Manitoba Hydro’s plan to build a new downtown Winnipeg substation has created a domino effect in which three low-rise structures on Notre Dame Avenue are slated to topple.

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This article was published 30/3/2015 (2235 days ago), so information in it may no longer be current.

Manitoba Hydro’s plan to build a new downtown Winnipeg substation has created a domino effect in which three low-rise structures on Notre Dame Avenue are slated to topple.

In May, Manitoba Hydro plans to start building a new substation on a surface-parking lot at the northwest corner of Adelaide Street and Notre Dame — a plot of land the Crown corporation purchased from the nearby Calvary Temple.

To make up for the surface-parking stalls it gave up to Manitoba Hydro, the church has purchased a commercial strip at 312 and 318 Notre Dame Ave., as well as an adjacent surface-parking lot at the corner of Hargrave Street and Notre Dame Avenue.

Manitoba Hydro helped put together the package of transactions after its previous plan to build a new downtown substation — which involved gutting the interiors of three McDermot Avenue heritage buildings — was abandoned in the face of widespread criticism in 2009.

"We’re trying to meet demand for electricity in the downtown area," said Bill Henderson, Manitoba Hydro’s communications manager. "We approached Calvary Temple to purchase their land and we worked out a deal with them."

The deal wound up taking four years to conclude because the church was reluctant to give up any of its existing surface parking.

"We certainly didn’t want to get into a long, drawn-out (negotiation) with Hydro. We wanted to be a good neighbour," said Bruce Martin, Calvary Temple’s lead pastor.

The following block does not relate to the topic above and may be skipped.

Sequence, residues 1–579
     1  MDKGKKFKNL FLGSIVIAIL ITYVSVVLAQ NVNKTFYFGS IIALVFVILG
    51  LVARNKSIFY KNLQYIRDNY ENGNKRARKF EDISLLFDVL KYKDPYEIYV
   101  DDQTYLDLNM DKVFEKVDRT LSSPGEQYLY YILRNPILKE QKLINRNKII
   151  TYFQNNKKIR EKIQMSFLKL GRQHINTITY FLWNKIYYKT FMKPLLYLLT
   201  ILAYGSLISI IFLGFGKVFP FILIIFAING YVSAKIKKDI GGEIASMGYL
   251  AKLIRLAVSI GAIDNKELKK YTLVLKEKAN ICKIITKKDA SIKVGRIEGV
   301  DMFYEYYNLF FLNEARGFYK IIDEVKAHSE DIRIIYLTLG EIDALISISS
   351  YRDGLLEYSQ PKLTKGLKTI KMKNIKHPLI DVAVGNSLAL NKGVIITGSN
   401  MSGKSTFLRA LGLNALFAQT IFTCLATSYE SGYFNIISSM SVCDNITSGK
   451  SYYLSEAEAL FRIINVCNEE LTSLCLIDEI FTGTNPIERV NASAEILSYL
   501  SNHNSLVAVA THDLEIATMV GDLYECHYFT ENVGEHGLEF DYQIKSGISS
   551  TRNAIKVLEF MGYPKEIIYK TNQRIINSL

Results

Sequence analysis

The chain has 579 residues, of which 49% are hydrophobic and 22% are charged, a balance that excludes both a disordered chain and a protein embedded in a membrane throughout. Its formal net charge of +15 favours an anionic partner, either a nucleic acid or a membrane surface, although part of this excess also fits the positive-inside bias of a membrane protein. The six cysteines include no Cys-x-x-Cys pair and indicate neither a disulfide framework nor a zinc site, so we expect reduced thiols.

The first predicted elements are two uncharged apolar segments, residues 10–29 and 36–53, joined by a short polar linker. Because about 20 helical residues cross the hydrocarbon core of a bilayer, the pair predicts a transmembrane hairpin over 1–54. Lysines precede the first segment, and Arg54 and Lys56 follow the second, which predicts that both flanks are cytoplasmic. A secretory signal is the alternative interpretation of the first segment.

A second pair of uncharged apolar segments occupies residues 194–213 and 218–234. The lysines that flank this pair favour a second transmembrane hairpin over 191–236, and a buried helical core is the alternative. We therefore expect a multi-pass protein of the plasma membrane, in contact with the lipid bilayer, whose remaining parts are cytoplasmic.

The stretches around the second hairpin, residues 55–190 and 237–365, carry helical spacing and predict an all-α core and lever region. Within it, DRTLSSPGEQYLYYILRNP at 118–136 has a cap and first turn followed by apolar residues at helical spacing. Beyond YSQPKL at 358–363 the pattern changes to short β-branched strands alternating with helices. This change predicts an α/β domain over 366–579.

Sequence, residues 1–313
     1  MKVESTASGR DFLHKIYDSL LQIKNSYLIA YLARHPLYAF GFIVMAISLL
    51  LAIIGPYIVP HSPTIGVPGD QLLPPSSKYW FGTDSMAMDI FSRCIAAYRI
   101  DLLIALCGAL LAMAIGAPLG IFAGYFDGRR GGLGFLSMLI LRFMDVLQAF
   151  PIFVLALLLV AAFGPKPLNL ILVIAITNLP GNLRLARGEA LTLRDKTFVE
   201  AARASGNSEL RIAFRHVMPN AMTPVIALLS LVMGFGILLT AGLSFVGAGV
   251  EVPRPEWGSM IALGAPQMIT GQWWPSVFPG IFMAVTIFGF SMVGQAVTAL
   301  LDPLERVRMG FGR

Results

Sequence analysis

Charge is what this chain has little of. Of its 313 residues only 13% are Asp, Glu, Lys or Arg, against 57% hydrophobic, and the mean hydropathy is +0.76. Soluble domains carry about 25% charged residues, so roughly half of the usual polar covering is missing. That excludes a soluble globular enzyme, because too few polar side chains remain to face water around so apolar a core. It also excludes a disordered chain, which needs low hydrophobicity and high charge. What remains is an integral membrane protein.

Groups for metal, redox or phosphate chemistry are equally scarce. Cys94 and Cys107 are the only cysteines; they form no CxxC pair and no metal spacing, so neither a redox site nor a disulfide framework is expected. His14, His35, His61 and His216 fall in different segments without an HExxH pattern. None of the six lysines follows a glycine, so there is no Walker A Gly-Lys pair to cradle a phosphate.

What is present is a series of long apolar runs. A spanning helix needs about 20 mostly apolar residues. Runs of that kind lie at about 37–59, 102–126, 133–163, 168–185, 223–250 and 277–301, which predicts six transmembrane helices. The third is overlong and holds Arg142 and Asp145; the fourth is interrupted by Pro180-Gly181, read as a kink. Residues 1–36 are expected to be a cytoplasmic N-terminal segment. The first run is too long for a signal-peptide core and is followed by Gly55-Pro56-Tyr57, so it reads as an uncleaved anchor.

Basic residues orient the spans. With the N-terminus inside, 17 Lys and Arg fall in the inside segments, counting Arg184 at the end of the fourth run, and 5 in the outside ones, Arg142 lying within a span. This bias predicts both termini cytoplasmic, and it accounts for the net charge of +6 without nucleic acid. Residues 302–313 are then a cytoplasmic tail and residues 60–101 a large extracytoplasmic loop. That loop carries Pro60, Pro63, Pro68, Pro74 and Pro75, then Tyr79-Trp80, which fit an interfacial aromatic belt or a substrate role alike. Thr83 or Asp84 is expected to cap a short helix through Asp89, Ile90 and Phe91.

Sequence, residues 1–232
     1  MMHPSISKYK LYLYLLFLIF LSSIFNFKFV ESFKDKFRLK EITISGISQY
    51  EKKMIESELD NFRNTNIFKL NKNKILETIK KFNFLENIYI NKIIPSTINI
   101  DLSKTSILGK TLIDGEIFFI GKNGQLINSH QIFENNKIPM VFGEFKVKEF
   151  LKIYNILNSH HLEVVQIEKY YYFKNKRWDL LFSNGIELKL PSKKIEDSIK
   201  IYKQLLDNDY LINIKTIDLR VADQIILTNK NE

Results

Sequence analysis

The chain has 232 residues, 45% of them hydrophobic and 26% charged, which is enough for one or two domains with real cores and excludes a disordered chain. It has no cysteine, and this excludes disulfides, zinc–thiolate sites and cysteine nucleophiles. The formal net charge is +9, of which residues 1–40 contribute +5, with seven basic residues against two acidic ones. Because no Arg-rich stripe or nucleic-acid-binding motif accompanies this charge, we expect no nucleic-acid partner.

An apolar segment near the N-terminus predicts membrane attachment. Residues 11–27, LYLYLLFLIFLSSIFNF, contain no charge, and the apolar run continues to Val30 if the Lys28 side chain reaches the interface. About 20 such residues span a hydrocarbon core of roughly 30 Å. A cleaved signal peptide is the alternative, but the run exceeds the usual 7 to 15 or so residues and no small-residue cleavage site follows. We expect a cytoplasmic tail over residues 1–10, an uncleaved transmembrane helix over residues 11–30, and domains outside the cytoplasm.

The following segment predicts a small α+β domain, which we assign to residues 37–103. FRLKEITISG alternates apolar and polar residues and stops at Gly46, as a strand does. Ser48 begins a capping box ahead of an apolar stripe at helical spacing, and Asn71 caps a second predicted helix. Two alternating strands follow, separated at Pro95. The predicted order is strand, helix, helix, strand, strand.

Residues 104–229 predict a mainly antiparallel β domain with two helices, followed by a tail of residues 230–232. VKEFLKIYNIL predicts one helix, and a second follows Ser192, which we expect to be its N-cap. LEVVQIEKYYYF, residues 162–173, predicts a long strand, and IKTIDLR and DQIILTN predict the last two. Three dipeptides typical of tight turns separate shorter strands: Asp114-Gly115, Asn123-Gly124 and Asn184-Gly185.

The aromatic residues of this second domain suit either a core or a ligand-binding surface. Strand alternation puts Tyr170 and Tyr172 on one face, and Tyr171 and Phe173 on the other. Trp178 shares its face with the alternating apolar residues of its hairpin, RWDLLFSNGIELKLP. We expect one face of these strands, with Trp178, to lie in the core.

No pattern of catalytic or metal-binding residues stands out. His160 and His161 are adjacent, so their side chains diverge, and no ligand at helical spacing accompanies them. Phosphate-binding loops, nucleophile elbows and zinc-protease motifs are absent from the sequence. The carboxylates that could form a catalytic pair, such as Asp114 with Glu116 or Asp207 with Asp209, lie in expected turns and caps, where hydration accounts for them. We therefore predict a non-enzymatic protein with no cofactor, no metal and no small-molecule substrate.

"It wasn’t easy for them to replace our parking spots, but they worked long and hard at it. We’re very pleased with the way we’re being treated."

Martin said Calvary Temple has neither profited nor lost money on the transactions and said the church hasn’t gained any additional parking as a result.

"A surface-parking lot has been replaced by a surface-parking lot," he said.

The commercial strip at 312 and 318 Notre Dame Avenue is currently home to two vacant single-storey commercial buildings as well as one vacant two-storey building, built between 1948 and 1977. Those properties have been controlled by Winnipeg’s Lazareck family since 1933, said Mel Lazareck of S&L Holdings, which sold the commercial strip to Calvary Temple.

City of Winnipeg spokeswoman Michelle Finley said the church has yet to apply for permission to demolish the commercial strip, which sits inside downtown Winnipeg’s official borders.

Informally, city council has declared a moratorium on new downtown surface-parking lots, but there are no statutes enforcing the unofficial ban.

The city has approved Calvary Temple’s long-term use of the Hargrave surface lot. At the new lot, the church will be held to a higher streetscaping standard than it was for the Adelaide Street lot it sold to Manitoba Hydro, Finley said.

The city is in the process of reviewing Manitoba Hydro’s request for a building permit on the Adelaide land, Finley added.

The substation will replace an aging Exchange District substation on King Street, which suffers from structural and safety issues, Manitoba Hydro said in a 2014 newsletter.

Some of the King Street equipment will be moved to the new Adelaide Street substation, which has a total project cost of about $62 million, Henderson said. Manitoba Hydro does not know what it intends to do with the land on King Street once it becomes vacant.

The city, meanwhile, is pleased to see the Crown corporation leave the Exchange District.

"The relocation of the hydro substation out of the proposed use of heritage structures in the Exchange onto a current adjacent surface lot is a good solution and is required to support ongoing downtown development and investment," unnamed city officials said in a statement forwarded by Finley.